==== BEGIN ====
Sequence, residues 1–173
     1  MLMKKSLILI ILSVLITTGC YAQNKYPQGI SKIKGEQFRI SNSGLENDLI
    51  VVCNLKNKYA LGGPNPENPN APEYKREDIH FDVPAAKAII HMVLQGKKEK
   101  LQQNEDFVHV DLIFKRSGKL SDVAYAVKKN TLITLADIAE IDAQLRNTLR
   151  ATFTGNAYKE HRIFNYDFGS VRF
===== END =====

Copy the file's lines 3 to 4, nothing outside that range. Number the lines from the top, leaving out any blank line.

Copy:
    51  VVCNLKNKYA LGGPNPENPN APEYKREDIH FDVPAAKAII HMVLQGKKEK
   101  LQQNEDFVHV DLIFKRSGKL SDVAYAVKKN TLITLADIAE IDAQLRNTLR